Javier took my hand and squeezed it. He stared, seeing some ancient bit of history unfurling in his mind. “There’s always another battle, eh, mi amor?”

“Don’t worry.” I hefted my bag, listening to the stakes, holy water, and back copies of the Skeptic Magazine jostling together. “We’re ready for this one.”

I had no idea how wrong I was.

–from my forthcoming book, “Subdivisions and Succubi”.

Rules I Never Expected to Make

“We’re going to the gardens, but don’t roll around in the sand.”

“Noodles go in your mouth, but your plastic snake doesn’t.”

“No shrieking while dad’s on the phone.”

“Sure, grab some pretzels from the pantry while we sleep in.”

“If you’re going to squash your sister, do it gently.”

“Get off the couch with your peanut butter hands!”

“Don’t wake us up from our nap, just go play on the computer.”

“Don’t carry the dog ball around in your mouth.”

“Dad’s underwear doesn’t go on your head.”

“Please, just let me go to the bathroom by myself.”

The joys of parenthood are often countless.

I’ve Been Cosplayed

You may remember that, two years ago during Dragon*Con, I spontaneously ended up on stage leading the audience in singing Re Your Brains. At the time I described it as the most surreal moment I’d experienced.

It’s been trumped: this year I was cosplayed. Check this business out.

Two people cosplaying from our Code Monkey video

These two strolled into my space panel on the Pioneer Effect and what’s wrong with gravity, a panel that went so well that I distilled the experience down and am selling it as awesomesauce. I mainly noticed the fellow on the right, because he was wearing the same mask as we used in our Code Monkey video. “Huh,” I thought, “that’s a weird coincidence.”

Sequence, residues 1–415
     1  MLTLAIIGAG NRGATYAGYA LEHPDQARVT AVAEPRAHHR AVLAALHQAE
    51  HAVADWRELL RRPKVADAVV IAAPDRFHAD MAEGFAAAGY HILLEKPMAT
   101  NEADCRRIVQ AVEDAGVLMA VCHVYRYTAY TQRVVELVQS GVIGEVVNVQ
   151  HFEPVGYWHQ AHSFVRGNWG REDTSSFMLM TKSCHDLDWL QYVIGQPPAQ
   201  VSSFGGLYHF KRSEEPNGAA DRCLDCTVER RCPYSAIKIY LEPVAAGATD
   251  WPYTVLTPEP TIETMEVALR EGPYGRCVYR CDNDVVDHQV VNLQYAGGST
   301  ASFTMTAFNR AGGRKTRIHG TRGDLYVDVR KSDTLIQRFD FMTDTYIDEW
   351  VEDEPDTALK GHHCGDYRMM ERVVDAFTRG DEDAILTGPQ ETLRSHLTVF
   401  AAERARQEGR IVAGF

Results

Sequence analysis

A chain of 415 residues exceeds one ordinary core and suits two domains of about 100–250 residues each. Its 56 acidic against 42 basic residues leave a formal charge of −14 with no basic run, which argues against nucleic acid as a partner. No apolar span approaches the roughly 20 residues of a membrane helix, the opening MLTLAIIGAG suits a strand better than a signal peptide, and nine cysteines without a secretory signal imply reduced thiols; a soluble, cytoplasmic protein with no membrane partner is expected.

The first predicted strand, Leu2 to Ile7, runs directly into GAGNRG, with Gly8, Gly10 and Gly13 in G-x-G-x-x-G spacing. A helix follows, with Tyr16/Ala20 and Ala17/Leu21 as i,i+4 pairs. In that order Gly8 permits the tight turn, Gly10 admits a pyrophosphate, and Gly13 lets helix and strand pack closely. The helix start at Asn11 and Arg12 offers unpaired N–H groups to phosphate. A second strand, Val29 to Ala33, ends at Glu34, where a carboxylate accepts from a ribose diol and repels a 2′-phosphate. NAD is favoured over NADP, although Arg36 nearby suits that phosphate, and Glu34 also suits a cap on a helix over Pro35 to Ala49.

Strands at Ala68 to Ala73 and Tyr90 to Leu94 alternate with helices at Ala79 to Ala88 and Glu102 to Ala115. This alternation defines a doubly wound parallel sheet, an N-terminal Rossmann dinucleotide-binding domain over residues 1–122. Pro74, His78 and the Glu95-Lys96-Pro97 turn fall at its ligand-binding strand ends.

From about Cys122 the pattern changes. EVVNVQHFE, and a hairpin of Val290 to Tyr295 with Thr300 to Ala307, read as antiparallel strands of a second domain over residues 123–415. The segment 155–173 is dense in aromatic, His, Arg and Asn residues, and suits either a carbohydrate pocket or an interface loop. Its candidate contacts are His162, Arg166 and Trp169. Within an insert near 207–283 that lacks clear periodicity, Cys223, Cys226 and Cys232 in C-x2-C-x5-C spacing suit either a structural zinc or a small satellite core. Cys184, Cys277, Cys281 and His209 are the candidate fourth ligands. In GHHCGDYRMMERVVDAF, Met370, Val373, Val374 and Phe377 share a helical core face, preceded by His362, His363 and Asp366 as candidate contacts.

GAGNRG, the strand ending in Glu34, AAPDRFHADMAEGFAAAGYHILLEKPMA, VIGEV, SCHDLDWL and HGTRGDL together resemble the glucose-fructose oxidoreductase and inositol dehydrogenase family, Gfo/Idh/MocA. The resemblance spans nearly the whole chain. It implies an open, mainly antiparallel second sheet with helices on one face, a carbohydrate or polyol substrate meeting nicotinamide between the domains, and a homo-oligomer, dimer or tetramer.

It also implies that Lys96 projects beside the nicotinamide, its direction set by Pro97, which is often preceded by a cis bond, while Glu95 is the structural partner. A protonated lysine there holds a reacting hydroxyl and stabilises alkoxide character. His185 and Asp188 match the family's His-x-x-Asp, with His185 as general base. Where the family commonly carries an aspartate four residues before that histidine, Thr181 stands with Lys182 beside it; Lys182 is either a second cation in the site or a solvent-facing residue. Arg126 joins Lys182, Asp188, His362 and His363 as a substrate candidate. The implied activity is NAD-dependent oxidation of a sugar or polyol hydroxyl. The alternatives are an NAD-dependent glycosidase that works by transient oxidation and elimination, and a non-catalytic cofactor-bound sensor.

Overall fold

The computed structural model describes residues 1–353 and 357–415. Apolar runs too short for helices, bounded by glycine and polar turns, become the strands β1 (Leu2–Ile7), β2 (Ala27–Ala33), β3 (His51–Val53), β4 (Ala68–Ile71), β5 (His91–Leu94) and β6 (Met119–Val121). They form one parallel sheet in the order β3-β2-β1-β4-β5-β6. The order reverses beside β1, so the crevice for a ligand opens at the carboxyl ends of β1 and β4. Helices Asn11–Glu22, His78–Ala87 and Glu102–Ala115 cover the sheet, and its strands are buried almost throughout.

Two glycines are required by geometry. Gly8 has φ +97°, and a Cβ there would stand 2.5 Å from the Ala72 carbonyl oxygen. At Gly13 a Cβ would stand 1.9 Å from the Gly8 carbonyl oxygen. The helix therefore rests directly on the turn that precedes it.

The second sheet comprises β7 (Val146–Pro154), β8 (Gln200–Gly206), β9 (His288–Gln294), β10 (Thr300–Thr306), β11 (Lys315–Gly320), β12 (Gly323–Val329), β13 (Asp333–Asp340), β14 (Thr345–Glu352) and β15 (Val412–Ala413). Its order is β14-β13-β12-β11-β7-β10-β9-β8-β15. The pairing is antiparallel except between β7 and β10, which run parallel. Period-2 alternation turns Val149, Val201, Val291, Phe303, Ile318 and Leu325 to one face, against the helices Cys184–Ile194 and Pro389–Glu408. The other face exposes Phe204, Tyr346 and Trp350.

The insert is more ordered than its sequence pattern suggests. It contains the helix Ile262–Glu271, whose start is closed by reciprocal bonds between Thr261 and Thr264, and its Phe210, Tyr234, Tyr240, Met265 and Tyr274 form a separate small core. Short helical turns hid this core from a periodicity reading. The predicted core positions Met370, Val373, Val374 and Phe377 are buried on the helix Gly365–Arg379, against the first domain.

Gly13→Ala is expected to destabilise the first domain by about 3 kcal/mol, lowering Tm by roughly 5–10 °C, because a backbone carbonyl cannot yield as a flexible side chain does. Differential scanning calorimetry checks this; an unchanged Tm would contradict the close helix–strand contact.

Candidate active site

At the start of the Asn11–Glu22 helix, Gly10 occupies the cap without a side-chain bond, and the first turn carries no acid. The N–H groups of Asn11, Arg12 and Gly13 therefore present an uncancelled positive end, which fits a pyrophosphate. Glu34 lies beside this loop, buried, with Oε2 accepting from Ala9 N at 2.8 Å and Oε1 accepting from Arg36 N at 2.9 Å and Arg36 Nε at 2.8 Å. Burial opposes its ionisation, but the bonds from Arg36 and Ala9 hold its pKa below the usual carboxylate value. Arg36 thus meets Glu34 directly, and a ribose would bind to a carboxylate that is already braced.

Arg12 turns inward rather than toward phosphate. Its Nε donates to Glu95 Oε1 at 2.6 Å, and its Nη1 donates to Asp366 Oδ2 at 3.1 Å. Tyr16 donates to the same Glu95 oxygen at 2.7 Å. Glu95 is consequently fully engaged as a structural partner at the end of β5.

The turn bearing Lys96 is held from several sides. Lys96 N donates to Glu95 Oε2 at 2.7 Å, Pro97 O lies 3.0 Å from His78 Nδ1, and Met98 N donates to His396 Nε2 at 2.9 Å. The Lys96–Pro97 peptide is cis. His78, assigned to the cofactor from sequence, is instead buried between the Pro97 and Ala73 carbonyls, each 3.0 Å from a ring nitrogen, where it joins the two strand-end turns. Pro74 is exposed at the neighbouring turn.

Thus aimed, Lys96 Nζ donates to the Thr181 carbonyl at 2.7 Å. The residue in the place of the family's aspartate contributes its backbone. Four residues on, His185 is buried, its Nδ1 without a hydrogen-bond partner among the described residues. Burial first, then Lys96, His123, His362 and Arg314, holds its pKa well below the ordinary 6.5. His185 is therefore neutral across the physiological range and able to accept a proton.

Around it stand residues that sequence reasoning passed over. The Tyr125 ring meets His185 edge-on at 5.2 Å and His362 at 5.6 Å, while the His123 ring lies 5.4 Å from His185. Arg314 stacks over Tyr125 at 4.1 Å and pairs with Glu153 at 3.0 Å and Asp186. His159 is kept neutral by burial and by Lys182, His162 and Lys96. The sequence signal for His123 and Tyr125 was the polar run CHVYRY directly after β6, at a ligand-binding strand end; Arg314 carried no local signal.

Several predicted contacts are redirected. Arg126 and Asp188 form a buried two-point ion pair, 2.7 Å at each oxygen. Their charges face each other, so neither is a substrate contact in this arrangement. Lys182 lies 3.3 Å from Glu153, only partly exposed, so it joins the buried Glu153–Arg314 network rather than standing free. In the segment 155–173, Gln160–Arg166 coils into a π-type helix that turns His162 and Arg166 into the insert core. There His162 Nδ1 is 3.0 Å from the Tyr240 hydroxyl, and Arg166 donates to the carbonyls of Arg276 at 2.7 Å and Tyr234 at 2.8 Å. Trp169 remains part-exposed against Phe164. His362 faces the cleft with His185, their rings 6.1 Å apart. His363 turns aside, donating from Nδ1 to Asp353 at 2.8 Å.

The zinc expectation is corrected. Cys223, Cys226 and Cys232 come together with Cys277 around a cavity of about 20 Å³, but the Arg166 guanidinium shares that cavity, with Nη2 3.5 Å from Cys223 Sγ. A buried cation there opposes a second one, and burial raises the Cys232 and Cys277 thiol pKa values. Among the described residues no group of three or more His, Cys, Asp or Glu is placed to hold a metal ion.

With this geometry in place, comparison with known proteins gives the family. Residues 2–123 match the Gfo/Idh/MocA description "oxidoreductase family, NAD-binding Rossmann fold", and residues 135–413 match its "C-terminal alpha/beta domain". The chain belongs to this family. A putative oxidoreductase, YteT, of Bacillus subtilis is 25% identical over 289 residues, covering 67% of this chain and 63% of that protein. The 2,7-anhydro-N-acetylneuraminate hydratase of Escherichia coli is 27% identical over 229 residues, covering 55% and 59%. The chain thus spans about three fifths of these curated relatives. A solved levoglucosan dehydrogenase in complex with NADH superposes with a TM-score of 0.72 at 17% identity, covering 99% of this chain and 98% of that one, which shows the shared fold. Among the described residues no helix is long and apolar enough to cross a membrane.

After the panel they approached me. “We loved the Code Monkey video!” they said. “Since we’re dressed like in the video, can we get our picture with you?” I said yes, and only belatedly realized that the guy on the left is supposed to be me in the video. That is both fabulous and spooky.

The other bit that left me rather shaken came as part of the Dragon*Con Late Show. In a new-this-year segment, every morning at 9 AM, Brian Richardson, Ally Pelphrey and I went through new schedule changes and recommended stuff to see during the day. It was a live show that was broadcast throughout all four convention host hotels.

Picture of the Dragon*Con Late Show, copyright 2009 Derek DeWeese

(Photo copyright 2009 Derek DeWeese)

It was being broadcast live, so we had to do the show on the stage in the Hyatt’s big Centennial ballroom, the only room with a live TV feed available. We’d never done this before, so Friday morning was our first chance to see how it went. No sweat, I thought. We were recording an hour before the first panel, and who shows up for a 10 AM panel on Friday morning?

The crowd in Centennial, who were not waiting to see us, I assure you

(Photo copyright 2009 Derek DeWeese)

William Shatner and Leonard Nimoy were on the 10 AM panel. We got to do our first ever live show in front of 1,500 people who were most assuredly not there to see my Shatner impersonation. It went well, but I don’t think I stopped shaking from the adrenaline for thirty minutes afterward. If you’re having trouble waking up, I recommend the experience to fix that for you.

Misty and I survived Dragon*Con 2009, and indeed had a wonderful time doing so. We got to hang with a lot of old friends and spend time with new ones, and if my ego was assuaged by people telling us how awesome Dragon*Con TV is, well, them’s the breaks.